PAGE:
“Help! Help! I’ve Fallen”

Community Foundation Higher Ground 0 Comments

Remember the old TV commercial that used the phrase, “Help! Help! I’ve fallen!” to advertise a device to help seniors notify someone if they were in trouble? Well, I didn’t have the device, but I did have the fall a couple of weeks ago while walking down stairs in our home and talking on a cordless phone. (A guaranteed recipe for potential disaster if you are not carefully monitoring your feet). I ended up with a severely broken ankle, and wearing what feels like an 80-pound boot all day, every day.

So here I am today, June 3rd, my 76th birthday, keeping weight off my ankle while elevating it as much as possible, and icing it three times a day. To quote the late Jackie Gleason, I’m saying to myself, “what a revolting development this is!”

As one gets older, they might ask what is the meaning of all this. As I reflect on my state of relative immobility, I think about an old rabbinic teaching that says the first question you will be asked in heaven is NOT about all the sins you may have committed, but instead what legitimate pleasures did you forgo during your time on earth.

I could have been on a golf course the afternoon I fell, but instead I had been working in my study. Though I am the last person on our planet to be called a good golfer, I do greatly enjoy the game. But I have not been on a course in about 18 months. Why? Because I have been too busy!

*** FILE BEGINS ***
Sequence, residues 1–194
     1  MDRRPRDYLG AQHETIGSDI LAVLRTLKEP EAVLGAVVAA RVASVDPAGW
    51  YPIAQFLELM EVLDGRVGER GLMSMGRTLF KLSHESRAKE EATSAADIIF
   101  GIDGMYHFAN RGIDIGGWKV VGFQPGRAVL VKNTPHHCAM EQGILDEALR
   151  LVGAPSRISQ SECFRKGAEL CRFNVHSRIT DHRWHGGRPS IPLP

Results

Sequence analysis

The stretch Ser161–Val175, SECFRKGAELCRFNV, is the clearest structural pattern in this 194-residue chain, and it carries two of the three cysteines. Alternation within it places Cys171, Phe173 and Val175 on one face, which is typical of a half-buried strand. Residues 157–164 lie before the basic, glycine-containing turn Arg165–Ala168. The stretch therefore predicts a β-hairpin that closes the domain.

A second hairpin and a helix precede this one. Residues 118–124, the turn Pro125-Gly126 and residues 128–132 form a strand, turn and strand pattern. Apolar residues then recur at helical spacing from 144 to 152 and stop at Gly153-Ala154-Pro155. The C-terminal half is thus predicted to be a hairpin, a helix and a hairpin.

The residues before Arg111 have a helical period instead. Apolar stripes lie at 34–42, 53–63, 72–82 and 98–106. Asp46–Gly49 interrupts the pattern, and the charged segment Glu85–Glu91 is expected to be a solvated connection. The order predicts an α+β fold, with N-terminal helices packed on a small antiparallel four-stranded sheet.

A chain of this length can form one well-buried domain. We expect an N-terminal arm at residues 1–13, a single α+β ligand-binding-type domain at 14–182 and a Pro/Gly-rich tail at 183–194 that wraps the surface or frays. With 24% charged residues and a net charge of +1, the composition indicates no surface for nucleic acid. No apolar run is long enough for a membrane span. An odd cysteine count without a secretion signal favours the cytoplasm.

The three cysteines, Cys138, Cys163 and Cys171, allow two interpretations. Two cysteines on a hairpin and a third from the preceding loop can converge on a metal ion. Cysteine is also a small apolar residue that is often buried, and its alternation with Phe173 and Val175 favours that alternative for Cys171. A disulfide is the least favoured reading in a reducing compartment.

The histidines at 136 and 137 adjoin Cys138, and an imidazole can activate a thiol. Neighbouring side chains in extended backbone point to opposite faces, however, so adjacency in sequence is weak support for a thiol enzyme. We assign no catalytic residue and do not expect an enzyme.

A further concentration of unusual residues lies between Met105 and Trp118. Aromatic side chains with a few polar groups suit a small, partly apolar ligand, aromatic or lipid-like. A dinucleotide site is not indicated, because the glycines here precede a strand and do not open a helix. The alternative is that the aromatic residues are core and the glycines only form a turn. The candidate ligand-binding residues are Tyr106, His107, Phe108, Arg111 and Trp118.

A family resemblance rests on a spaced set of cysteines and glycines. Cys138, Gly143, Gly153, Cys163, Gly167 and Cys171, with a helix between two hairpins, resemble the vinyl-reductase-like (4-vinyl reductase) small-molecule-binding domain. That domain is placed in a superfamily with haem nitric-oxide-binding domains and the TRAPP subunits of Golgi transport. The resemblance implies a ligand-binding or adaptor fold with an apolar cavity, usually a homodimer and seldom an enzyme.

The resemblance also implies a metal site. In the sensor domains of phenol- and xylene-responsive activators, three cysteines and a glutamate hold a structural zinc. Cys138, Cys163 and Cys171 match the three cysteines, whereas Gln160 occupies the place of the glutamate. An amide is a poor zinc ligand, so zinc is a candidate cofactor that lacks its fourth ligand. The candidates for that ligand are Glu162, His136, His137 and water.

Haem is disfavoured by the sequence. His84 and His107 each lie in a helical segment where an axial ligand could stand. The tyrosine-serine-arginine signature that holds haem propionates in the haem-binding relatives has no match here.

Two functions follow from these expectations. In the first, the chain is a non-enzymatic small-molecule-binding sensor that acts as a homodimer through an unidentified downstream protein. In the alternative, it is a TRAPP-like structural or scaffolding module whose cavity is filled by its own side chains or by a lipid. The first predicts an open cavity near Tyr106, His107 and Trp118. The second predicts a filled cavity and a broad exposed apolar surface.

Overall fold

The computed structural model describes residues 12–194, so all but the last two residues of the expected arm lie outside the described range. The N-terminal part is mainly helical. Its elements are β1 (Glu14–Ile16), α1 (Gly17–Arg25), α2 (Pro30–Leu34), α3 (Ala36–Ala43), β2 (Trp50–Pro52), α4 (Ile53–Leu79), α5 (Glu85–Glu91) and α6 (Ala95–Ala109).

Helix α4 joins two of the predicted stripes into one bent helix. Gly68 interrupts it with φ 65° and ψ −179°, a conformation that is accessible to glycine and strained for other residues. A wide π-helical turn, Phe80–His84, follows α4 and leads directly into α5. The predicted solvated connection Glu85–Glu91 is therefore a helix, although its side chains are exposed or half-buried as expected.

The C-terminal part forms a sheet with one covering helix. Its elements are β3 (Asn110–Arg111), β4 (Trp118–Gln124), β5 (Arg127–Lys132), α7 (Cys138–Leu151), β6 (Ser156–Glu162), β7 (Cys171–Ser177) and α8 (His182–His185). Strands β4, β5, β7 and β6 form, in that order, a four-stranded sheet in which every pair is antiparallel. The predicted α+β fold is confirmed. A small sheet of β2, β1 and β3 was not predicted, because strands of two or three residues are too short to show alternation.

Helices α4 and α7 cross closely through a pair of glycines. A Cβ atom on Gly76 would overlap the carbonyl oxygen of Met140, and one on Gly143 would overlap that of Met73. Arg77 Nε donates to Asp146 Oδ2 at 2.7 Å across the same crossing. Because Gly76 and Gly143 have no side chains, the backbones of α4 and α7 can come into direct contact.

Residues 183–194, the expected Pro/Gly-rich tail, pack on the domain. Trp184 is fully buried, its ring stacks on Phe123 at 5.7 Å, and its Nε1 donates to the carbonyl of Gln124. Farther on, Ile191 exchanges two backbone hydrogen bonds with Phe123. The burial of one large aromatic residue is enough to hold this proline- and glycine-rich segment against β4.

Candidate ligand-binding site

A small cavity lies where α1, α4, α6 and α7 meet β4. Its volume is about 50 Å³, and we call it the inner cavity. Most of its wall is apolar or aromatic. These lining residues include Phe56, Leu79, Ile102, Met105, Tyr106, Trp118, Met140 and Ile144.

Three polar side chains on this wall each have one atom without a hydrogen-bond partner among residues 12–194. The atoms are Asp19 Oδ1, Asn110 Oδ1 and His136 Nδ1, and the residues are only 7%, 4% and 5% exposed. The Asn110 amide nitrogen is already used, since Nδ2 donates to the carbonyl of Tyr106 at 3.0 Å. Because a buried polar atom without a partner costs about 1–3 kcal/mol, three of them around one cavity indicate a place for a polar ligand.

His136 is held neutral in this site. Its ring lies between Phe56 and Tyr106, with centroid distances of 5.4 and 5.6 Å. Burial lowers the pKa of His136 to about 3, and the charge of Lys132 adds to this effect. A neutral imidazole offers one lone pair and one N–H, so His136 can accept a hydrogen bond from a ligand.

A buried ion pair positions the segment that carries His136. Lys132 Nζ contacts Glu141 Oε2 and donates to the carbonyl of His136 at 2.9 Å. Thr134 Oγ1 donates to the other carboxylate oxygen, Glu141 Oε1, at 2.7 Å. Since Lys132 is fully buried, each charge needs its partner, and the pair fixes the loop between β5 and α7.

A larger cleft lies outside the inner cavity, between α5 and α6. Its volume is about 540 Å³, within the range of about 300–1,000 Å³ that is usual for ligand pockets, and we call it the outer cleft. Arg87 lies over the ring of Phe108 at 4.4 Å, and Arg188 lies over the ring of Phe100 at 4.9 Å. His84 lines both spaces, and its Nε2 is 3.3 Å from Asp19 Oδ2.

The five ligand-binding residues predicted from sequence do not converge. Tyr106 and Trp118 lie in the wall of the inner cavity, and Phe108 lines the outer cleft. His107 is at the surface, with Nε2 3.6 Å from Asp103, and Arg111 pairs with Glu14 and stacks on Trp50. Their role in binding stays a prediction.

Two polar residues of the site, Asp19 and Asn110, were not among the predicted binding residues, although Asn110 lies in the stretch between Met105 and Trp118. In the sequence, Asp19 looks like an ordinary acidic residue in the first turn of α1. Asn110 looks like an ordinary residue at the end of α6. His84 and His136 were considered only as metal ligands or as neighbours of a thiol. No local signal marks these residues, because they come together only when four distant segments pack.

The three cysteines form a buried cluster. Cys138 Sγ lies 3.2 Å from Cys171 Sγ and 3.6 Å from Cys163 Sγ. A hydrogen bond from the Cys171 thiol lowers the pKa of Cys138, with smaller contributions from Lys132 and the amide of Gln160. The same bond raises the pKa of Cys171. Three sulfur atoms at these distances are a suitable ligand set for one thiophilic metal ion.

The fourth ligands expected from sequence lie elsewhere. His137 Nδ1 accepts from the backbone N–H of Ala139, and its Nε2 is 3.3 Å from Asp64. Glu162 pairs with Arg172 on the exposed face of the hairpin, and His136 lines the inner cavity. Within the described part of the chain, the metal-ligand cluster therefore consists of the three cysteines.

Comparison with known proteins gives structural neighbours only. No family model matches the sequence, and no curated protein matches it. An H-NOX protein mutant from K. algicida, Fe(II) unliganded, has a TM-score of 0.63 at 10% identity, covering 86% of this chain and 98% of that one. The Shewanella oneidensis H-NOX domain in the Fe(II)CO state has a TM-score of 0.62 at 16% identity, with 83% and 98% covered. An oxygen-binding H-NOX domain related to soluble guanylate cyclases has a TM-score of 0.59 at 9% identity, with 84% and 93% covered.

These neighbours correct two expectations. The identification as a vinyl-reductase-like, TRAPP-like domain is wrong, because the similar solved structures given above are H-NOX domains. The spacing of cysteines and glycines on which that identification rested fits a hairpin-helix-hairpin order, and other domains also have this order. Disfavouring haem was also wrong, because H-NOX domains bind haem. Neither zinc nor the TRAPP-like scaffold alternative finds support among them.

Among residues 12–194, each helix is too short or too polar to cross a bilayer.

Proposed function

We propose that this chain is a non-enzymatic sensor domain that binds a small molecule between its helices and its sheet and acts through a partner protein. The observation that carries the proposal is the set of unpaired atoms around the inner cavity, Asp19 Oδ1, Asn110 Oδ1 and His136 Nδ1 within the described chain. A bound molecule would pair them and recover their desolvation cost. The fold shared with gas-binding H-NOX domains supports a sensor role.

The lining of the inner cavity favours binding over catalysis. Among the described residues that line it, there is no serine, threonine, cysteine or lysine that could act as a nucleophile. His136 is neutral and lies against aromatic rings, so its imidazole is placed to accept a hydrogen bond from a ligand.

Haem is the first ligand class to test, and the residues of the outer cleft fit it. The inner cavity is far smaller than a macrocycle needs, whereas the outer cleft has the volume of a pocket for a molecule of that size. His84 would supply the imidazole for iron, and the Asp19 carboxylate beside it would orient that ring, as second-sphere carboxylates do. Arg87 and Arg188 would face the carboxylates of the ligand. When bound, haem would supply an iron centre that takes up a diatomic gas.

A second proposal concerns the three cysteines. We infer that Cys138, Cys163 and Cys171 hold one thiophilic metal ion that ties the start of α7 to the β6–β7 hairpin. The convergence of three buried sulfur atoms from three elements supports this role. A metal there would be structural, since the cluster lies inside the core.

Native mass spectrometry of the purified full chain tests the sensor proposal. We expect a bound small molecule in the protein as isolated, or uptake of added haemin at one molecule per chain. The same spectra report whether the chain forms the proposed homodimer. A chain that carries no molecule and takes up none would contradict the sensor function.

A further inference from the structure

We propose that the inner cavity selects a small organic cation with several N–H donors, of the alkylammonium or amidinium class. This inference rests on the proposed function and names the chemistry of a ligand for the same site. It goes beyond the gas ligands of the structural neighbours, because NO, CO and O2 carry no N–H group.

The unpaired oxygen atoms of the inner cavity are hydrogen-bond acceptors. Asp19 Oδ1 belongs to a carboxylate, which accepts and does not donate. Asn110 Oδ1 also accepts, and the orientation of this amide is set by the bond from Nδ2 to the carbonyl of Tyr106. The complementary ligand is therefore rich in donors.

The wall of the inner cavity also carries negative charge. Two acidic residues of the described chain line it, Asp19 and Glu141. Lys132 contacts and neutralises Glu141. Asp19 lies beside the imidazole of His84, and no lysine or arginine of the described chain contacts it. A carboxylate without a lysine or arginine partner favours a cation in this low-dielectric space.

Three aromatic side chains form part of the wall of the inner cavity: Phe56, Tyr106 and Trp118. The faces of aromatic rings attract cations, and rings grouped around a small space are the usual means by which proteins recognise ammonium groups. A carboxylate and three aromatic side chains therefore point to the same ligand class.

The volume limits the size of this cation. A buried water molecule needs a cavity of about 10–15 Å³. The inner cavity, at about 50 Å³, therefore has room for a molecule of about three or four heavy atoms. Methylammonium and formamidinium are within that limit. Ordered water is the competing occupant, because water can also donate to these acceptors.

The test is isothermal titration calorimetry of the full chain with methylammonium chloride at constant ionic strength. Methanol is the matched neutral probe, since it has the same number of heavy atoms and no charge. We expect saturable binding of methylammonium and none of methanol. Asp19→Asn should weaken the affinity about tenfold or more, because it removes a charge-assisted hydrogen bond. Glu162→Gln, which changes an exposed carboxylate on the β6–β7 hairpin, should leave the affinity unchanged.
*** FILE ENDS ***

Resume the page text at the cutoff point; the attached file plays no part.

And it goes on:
How many others are like myself, just too busy to relax and enjoy life? Whenever possible, could we not try to take better hold of those moments that offer us a taste of the joys of existence? Perhaps the little girl in the paragraph below has a lesson for us all.

A police officer was visiting a kindergarten class and was trying to explain to the class what police officers did. In his presentation, he showed the class pictures of the 10 most wanted. One of the little girls in the class raised her hand and asked, “Are those mean people?” “Yes,” the officer said, “very mean, and we are going to catch them.” The little girl paused for a moment, and said, “well, why didn’t you hold on to them when you were taking their picture?”

Something to think about.

AMS